Big Little Lies is currently on HBO as a mini-series. It’s based on the book of the same title written by Liane Moriarty.
The story starts out with a murder. I’m five episodes in and the victim and the alleged murder (or murderers) have not been revealed. I don’t really know whether it’s important who was killed or who the killer was. Rather the murder serves one significant purpose, which is to see the five distinct women through the eyes of their neighbors, each of the observer bringing their own perspective and impression of these women (and the men in their lives).
Madeline–the busybody. The one whose into everybody’s business. She’s the woman that organizes the PTA, who judges the mom that only shows up twice a year, and who according to her, maintains her full time mommy status so she can “lord over the career moms.” This sums up both what kind of woman Madeline is, and how, in spite of her failings is self aware enough to make fun of her own less malevolent motives. But Madeline is also maternal as she is controlling, generous and loyal to her friends, to the exclusion of other women. Madeline’s lies was her affair and her fear that someone will find out and break up her less than perfect family.
Celeste–beautiful, smart, rich married to an equally beautiful, smart perfect man. In fact, she’s so beautiful that it’s mentioned in the show twice in the first fifteen minutes. But herein lies Celeste’s tragedy. Madeline’s second husband, Eddie, succintly summarizes Celeste “there’s something tragic about her.” And he’s closer to the truth than he thinks. Celeste is a battered wife. Locked in a marriage full of rage–his and hers, she justifies the violence by saying she partakes in it too, and that her husband, Perry, is a wonderful father. Nicole Kidman is breathtaking in this role. From the movement of her head to the way she shrugs her shoulders, she inhabits Celeste and her tragedy, especially when she says separating from her husband would be like “tearing flesh.”
Jane–young, frumpy, and mysterious. Jane is a single mother. Unlike Madeline and Celeste, Jane’s history and background is peeled in layers with each episode. From the first episode we know her son, Ziggy, will be central to this story. A product of rape, and accused of bullying a girl, the show skirts, sometimes even suggests but it also quickly moves away from the idea that psychopath behavior can be inherited, rather than learned. So Jane is dealing with a son, who may or may not be violent. Though her defense of him is complete, she was still relieved when the child psychologist says she thinks Ziggy is not violent. Who can blame Jane, really? Surely, she had wondered about her son. But Jane is also angry. In denial from the violence of her rape, it’s all now catching up to her, occurring in flashbacks, trapping her in rage.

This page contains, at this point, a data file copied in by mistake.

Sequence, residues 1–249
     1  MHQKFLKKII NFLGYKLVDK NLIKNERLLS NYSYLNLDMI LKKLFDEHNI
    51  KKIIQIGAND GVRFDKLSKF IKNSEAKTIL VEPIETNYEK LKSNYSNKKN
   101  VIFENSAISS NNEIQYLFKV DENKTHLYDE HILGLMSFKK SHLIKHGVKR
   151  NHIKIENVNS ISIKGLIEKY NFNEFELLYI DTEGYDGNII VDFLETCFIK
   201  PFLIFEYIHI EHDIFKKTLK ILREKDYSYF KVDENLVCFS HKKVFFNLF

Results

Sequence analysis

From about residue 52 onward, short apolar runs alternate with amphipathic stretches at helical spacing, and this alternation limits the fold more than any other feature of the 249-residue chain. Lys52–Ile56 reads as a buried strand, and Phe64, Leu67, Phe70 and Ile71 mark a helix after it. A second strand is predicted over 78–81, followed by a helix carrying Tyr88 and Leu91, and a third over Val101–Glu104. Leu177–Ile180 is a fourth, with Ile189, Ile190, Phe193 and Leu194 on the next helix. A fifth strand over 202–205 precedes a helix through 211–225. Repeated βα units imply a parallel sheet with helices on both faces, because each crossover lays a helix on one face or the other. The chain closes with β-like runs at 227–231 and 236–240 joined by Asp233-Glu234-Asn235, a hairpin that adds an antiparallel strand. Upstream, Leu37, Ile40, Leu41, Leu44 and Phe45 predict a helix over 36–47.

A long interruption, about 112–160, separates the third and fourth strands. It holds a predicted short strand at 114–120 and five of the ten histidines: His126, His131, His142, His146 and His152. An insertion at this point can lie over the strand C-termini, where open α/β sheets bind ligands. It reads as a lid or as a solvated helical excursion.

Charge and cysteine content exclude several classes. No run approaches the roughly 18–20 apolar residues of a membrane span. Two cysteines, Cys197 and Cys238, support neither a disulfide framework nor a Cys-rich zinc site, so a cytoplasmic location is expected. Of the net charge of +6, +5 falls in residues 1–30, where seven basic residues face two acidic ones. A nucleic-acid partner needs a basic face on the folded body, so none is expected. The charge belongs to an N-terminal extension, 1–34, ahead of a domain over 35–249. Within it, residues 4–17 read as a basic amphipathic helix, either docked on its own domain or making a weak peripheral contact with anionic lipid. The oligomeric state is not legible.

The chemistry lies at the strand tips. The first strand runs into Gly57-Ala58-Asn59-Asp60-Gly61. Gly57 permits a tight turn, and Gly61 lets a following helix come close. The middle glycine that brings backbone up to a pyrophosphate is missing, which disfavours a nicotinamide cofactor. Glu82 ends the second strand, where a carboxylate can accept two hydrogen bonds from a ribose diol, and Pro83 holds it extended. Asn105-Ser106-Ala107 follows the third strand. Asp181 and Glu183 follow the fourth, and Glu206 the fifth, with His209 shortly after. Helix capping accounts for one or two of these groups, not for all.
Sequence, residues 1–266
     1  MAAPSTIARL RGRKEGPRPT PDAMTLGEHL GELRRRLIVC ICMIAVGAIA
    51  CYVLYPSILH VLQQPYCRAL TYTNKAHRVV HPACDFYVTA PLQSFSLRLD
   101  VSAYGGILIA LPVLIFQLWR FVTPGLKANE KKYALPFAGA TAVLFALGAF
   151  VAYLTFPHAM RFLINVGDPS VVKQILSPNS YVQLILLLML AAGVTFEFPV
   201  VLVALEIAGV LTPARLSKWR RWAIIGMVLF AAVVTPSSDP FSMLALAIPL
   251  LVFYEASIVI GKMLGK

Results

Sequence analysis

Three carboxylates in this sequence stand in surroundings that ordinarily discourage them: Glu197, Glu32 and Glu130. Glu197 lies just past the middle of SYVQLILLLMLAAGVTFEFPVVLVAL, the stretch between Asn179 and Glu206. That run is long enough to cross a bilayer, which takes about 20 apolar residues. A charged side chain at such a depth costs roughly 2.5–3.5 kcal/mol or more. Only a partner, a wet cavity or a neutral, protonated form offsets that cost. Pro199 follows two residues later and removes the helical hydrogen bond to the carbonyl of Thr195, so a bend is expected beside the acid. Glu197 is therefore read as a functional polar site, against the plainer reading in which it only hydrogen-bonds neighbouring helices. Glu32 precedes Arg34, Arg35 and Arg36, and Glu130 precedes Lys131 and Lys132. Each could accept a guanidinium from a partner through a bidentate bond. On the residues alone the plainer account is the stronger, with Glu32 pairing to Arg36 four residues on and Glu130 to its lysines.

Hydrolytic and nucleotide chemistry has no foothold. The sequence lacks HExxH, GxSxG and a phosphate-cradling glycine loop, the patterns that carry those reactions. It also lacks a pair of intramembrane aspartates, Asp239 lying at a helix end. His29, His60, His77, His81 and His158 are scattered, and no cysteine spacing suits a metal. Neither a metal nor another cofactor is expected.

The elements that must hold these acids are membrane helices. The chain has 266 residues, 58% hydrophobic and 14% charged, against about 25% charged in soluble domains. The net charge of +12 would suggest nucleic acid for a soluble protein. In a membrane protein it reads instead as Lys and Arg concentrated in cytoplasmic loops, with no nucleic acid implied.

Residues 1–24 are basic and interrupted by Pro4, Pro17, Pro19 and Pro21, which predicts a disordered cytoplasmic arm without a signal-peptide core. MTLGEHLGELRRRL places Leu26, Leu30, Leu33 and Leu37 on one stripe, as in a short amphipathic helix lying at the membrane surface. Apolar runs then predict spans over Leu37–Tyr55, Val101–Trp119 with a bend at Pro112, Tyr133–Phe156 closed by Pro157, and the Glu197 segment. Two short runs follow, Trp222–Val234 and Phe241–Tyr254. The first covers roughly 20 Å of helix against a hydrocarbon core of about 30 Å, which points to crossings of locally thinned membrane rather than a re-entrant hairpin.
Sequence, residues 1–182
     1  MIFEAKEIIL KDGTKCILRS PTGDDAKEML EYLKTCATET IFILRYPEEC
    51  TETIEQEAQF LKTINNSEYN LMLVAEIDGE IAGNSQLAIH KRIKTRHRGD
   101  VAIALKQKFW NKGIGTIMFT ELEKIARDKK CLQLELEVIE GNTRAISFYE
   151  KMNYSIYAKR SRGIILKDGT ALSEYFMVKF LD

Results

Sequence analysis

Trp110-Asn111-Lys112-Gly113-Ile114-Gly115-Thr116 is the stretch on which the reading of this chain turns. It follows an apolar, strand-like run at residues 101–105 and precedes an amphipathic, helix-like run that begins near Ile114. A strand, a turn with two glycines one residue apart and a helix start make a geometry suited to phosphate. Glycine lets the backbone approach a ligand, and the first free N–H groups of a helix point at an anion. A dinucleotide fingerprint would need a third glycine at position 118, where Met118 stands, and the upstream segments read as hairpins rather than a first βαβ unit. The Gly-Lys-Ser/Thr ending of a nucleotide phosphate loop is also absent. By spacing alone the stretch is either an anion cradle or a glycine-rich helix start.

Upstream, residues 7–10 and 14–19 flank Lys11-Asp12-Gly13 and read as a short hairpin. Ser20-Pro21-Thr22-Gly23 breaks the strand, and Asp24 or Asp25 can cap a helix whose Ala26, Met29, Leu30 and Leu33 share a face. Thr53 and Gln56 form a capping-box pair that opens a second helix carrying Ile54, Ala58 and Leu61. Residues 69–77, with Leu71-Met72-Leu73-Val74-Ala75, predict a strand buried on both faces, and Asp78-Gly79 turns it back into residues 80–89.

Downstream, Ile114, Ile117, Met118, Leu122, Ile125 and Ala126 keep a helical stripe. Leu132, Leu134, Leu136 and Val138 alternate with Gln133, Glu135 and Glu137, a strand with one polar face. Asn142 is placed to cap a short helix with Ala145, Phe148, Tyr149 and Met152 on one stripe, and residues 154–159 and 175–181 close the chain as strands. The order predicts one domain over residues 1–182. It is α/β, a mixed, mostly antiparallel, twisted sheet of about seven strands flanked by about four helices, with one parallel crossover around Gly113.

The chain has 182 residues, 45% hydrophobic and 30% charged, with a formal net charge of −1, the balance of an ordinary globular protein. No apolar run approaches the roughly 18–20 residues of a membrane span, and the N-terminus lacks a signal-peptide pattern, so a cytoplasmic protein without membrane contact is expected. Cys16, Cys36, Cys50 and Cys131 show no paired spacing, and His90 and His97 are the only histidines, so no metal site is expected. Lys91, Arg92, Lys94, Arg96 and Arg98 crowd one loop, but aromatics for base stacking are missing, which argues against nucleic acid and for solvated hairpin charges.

Renata–a career mom, brilliant, beautiful, and indulgent. Renata makes no apologies for her success or her rabid defense of her bullied daughter. She will also beg for her daughter such as when she calls Madeline to ask her to come to her daughter’s birthday party despite Madeline’s intent to ruin the little girl’s party when Ziggy was not invited. Renata plays nice, until she doesn’t. This is probably the key to Renata’s success–she uses her influence when she has to, and she uses her charm when needed. Unlike Madeline who has no middle, Renata uses power sparingly and effectively. She’s not angry like Madeline, rather she’s driven.
Bonnie–the young, hot, hippie second wife of Madeline’s first husband. A peacemaker to the core, her attempt at befriending Madeline, and creating a relationship with her stepdaughter, Abigail, means she’s always at the crossfire of Madeline’s rage and resentment. Madeline herself said she is resentful because her ex-husband, Nathan, left her and Abigail to struggle on their own. But what Madeline doesn’t admit is that she is also jealous of the kind of husband and father Nathan is now to Bonnie and their child. Of the five major women in the show, Bonnie is the least formed, and is also shown to serve a contrast to Madeline’s relationships with her daughter and her ex-husband.
At first glance, Big Little Lies looks like a series about cliches, of women and their competitive nature, of mommy wars. But its so much more than that. It shows different facets of each woman–what drives them, what motivates them, what shapes their actions and decisions. This is not your typical story of suburbian competitiveness as it peels away the layers of perception and expectations. Although, each woman is deeply flawed, I see the show as a swan song, a homage to the steeliness determination of every woman, of every mother trying to keep it together in this culture of perfection, or rather the perception of it.